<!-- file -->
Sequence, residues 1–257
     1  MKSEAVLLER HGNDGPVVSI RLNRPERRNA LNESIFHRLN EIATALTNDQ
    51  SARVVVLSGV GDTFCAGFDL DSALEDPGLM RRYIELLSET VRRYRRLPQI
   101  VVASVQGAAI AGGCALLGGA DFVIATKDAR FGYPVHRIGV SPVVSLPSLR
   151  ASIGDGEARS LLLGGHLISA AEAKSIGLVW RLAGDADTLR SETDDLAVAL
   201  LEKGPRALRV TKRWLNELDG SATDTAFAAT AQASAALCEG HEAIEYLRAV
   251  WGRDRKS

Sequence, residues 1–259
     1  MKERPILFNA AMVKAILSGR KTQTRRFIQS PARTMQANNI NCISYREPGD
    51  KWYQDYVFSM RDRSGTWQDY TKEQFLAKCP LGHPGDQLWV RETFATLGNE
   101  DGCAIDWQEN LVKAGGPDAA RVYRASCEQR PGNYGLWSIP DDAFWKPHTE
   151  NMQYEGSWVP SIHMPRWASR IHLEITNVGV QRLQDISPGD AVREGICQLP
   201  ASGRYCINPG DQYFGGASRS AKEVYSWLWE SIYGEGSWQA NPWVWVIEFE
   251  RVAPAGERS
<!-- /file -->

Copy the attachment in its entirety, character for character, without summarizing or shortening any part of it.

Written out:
Sequence, residues 1–257
     1  MKSEAVLLER HGNDGPVVSI RLNRPERRNA LNESIFHRLN EIATALTNDQ
    51  SARVVVLSGV GDTFCAGFDL DSALEDPGLM RRYIELLSET VRRYRRLPQI
   101  VVASVQGAAI AGGCALLGGA DFVIATKDAR FGYPVHRIGV SPVVSLPSLR
   151  ASIGDGEARS LLLGGHLISA AEAKSIGLVW RLAGDADTLR SETDDLAVAL
   201  LEKGPRALRV TKRWLNELDG SATDTAFAAT AQASAALCEG HEAIEYLRAV
   251  WGRDRKS

Sequence, residues 1–259
     1  MKERPILFNA AMVKAILSGR KTQTRRFIQS PARTMQANNI NCISYREPGD
    51  KWYQDYVFSM RDRSGTWQDY TKEQFLAKCP LGHPGDQLWV RETFATLGNE
   101  DGCAIDWQEN LVKAGGPDAA RVYRASCEQR PGNYGLWSIP DDAFWKPHTE
   151  NMQYEGSWVP SIHMPRWASR IHLEITNVGV QRLQDISPGD AVREGICQLP
   201  ASGRYCINPG DQYFGGASRS AKEVYSWLWE SIYGEGSWQA NPWVWVIEFE
   251  RVAPAGERS